And part of what made it great is the fact that it was his first big film, with those "fresh eyes" that were mentioned... and backed up by brilliant people like Toland.

I think it's a bit telling that out of his long and successful career, Welles' first film is considered his masterpiece, and many would argue that nothing else in the following two-thirds of a century even came close. Which is actually a bit sad.

And yes... I'm sure years of writing and radio directing and all that jazz helped immensely... but still.... it's a bit akin to commissioning a piece from a gifted artist renowned for his oil landscapes... but this time you are wanting a sculpture. Of a person. In bronze. The talent transcends to a degree, but it's still a very very different medium.

Play nice.

T2

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Todd Terry
Creative Director
Fantastic Plastic Entertainment, Inc.
fantasticplastic.com



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Gary Huff
Re: "Bottle" movie - GH4 or A7S?
on Nov 9, 2015 at 3:54:38 pm
Last Edited By Gary Huff on Nov 9, 2015 at 4:02:36 pm

[Todd Terry] "Children... please.... quit sniping like a bunch of six year olds."

Oh please, get over yourself. Did you really think it was proper judgement call to come out of the gate acting like a 12-year old playing everyone's mommy?

[Todd Terry] "Welles' first film is considered his masterpiece, and many would argue that nothing else in the following two-thirds of a century even came close. Which is actually a bit sad."

Perhaps because other people who made Citizen Kane what it was, and were overlooked, weren't along for the rest? Perhaps how there's a huge drop-off in quality as the Star Wars films continued on and key people who made the first two what they were moved on? I would say that what Toland meant with "fresh eyes" is inexperience that wouldn't fight him on very suggestion. That's what I would mean if I wanted a "fresh" director. And Toland's style was not dictated by Welles, it was well evident before he came on the scene.

What Welles primarily brought was the tenacity to write and film a piece essentially lampooning one of the most powerful men in the U.S. at that time, and paints a fascinating, if fictional, portrait of someone with that level of control.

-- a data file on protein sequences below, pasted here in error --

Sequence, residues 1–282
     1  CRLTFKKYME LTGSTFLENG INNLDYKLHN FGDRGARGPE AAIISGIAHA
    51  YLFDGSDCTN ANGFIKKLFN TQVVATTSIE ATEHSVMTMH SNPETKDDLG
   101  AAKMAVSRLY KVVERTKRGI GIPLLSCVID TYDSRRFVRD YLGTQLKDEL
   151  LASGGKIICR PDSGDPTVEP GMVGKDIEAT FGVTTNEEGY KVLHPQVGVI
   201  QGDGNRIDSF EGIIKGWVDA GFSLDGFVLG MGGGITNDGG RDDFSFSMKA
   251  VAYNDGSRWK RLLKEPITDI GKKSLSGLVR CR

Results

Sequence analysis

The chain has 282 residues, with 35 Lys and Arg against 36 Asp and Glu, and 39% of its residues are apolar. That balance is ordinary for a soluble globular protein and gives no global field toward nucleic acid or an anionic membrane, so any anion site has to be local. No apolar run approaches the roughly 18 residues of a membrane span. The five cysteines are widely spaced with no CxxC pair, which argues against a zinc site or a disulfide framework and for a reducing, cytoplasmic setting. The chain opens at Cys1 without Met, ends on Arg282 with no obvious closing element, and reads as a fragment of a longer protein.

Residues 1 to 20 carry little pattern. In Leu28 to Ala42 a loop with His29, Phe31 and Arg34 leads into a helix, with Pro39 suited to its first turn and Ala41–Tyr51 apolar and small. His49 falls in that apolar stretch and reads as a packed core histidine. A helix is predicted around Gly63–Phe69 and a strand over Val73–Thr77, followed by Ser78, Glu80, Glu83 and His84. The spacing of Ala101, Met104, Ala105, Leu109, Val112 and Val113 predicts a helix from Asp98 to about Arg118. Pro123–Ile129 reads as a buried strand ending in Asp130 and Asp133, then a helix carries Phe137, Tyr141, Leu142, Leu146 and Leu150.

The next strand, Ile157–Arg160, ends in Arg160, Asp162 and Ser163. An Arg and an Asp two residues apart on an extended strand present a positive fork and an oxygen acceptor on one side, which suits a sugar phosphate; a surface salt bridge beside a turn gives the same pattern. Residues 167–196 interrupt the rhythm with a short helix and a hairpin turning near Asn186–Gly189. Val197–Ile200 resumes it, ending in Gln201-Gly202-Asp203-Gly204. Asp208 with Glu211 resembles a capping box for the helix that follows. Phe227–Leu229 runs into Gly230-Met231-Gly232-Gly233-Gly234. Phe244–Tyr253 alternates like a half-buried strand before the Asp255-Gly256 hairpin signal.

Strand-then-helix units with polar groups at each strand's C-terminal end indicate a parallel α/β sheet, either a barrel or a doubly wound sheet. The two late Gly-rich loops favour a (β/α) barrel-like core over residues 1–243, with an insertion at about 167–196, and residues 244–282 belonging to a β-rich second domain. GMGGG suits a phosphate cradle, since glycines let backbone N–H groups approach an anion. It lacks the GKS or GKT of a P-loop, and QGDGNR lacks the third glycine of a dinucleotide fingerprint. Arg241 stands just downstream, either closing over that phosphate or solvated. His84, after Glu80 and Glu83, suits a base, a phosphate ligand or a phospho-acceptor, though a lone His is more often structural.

[Todd Terry] " it's a bit akin to commissioning a piece from a gifted artist renowned for his oil landscapes... but this time you are wanting a sculpture. Of a person. In bronze. The talent transcends to a degree, but it's still a very very different medium."

It's not at all that different that your analogy would imply. Welles successfully translated from stage to radio as well, but why, for some odd reason, does that not seem such a ridiculous jump? If you have a talented, experienced cinematographer who can keep you from staging everything like a play (although there are plenty of staged moments in Kane), then what is left that is explicitly different from directing stage vs directing cinema?

In fact, I would say the blending of experiences in stage and radio is what made him perfectly situated to make a film in the first place. The stage experience with visuals and blocking, the radio experience for dialogue (especially in overlapping dialogue, something he experimented with during his tenure in radio), and this helps from dating his film by giving it a modern feel just from the sound work alone.


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Jason Roberts
Re: "Bottle" movie - GH4 or A7S?
on Nov 9, 2015 at 4:48:38 pm
Last Edited By Jason Roberts on Nov 9, 2015 at 4:50:54 pm

[Gary Huff] "Oh please, get over yourself"

As much as I am not one to ruffle feathers - I have looked at many of your posts, and you have used this phrase quite often. Have you thought of applying it to yourself? Because as opposed to practicing kindness in intellectual debate, you tend to talk at people, and not with them. Let me ask this - had I inserted the word "film" in the phrase "first-time director", would you have decided to question whether I should be practicing my profession? If so, why? And I did mix up DP and Producer, that is a certainly a mistake - what I get for responding too quickly without checking the facts I'm sure of in my head.